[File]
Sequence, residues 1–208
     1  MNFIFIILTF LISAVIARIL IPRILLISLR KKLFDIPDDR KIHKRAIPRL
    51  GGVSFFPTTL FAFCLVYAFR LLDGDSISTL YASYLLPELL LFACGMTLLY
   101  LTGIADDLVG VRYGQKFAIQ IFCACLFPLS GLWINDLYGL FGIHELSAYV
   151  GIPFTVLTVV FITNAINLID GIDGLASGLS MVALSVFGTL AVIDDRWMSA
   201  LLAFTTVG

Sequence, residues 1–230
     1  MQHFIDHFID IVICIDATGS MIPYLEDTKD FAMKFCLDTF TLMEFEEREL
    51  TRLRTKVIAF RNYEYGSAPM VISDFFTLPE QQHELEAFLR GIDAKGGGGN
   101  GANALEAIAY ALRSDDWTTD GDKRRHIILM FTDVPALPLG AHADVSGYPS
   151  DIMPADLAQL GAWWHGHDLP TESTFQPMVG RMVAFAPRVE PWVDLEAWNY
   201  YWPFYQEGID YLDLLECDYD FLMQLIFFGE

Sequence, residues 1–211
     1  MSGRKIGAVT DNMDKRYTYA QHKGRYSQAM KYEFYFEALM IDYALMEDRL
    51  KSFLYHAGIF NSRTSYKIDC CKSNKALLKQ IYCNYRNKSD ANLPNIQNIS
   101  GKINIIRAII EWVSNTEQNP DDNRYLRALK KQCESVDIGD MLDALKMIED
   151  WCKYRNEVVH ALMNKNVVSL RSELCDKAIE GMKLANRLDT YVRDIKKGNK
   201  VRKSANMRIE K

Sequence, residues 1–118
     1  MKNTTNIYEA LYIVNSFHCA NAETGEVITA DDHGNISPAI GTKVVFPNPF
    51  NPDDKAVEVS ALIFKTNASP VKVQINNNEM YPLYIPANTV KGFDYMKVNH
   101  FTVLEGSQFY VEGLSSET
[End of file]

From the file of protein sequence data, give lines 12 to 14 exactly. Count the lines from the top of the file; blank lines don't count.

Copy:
   201  YWPFYQEGID YLDLLECDYD FLMQLIFFGE

Sequence, residues 1–211
     1  MSGRKIGAVT DNMDKRYTYA QHKGRYSQAM KYEFYFEALM IDYALMEDRL